A review of the NSW Energy Savings Scheme has been under way by the NSW Government since November 2014 with an Options Paper issued earlier in 2015, and a subsequent Final Statutory Review Report.
A review of the NSW Energy Savings Scheme has been underway by the NSW Government since November 2014 with an Options Paper issued earlier in 2015, and a subsequent Final Statutory Review Report.
The Energy Savings Scheme (ESS) commenced operation on 1 July 2009.
The equivalent scheme in Victoria – the Victoria Energy Efficient Target (VEET) scheme – commenced operation on 1 January 2009.
The South Australian government recently established the Retailer Energy Efficiency Scheme (REES) which replaced the Residential Energy Efficiency Scheme. The REES commenced on 1 January 2015. The Residential Energy Efficiency Scheme ceased operation in 2014.
The ESS Options Paper and later Statutory Review Report recommended to a) extending the ESS to 2025, b) introducing a regional network factor and c) expanding the ESS to include gas and to support gas efficiency.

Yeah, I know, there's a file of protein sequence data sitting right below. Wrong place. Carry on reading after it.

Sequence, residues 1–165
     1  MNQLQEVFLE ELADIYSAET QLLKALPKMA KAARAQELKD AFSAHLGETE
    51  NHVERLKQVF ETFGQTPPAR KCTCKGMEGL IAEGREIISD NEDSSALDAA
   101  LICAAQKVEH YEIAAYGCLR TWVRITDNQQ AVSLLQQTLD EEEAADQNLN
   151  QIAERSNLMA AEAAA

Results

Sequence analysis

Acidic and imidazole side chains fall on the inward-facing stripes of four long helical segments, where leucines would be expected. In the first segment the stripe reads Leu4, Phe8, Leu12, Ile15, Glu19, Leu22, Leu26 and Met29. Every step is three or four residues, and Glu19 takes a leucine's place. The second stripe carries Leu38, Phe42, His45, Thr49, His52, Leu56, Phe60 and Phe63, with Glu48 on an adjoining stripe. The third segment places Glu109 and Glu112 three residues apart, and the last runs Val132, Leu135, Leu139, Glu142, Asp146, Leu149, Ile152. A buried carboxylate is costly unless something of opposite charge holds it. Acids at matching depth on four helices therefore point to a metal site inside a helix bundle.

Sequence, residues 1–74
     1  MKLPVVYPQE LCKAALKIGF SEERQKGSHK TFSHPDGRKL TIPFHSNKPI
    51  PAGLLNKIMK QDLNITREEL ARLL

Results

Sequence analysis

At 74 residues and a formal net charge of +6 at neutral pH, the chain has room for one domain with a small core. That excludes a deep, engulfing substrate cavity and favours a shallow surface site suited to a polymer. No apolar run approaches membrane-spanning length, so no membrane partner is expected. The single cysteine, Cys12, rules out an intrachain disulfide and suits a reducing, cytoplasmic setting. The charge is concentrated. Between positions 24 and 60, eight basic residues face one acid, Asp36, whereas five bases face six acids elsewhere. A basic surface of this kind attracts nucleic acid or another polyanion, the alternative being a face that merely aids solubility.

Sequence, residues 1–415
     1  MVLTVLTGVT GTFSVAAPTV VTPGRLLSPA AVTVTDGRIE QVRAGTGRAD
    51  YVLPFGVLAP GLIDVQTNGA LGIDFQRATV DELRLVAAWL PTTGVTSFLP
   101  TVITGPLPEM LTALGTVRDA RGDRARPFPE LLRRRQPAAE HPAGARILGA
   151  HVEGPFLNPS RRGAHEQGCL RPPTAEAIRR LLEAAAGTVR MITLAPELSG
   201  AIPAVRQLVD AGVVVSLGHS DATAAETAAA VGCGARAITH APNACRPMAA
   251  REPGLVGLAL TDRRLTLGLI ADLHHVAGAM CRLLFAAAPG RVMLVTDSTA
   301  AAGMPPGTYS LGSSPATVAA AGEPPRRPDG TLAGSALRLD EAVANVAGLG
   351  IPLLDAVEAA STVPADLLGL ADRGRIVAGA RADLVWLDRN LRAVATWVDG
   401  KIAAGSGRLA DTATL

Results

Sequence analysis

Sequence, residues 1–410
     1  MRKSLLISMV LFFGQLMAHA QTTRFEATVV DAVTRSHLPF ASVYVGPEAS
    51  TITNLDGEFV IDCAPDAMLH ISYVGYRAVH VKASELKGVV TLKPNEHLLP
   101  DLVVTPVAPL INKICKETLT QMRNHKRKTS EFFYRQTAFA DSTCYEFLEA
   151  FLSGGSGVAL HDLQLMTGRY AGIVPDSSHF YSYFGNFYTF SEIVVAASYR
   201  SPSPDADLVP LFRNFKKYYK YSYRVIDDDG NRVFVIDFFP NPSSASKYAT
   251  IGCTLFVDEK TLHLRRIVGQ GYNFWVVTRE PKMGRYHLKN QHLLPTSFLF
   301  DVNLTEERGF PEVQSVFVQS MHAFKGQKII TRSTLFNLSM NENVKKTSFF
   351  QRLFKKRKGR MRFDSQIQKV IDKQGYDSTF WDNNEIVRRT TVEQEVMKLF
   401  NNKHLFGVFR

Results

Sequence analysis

Earlier this year, a report compared the ESS and VEET, and stated that the notable difference was that the VEET covers activities in the gas and electricity sector, where the ESS only focuses on the latter. Given the recent release of the Statutory Review Report, the ESS is now proposed to cover activities in the gas sector as well.
A number of investigations into the establishment of a national energy efficiency scheme have been carried out over the last few years. Generally these reports indicated a national scheme may be preferable to State-based schemes for the following reasons:
1. A larger market provides for greater liquidity and lower, more stable prices,
2. A larger market allows economies of scale to reduce costs of energy efficiency,
3. Consistent administration reduces costs for businesses involved in schemes in more than one jurisdiction,
4. Some of the infrastructure savings of the state schemes are already spread across other National Electricity Market jurisdictions.
However, given the lack of progress in establishing a national scheme, the NSW government has committed to continue to work with other jurisdictions to harmonise the State-based energy efficiency trading schemes.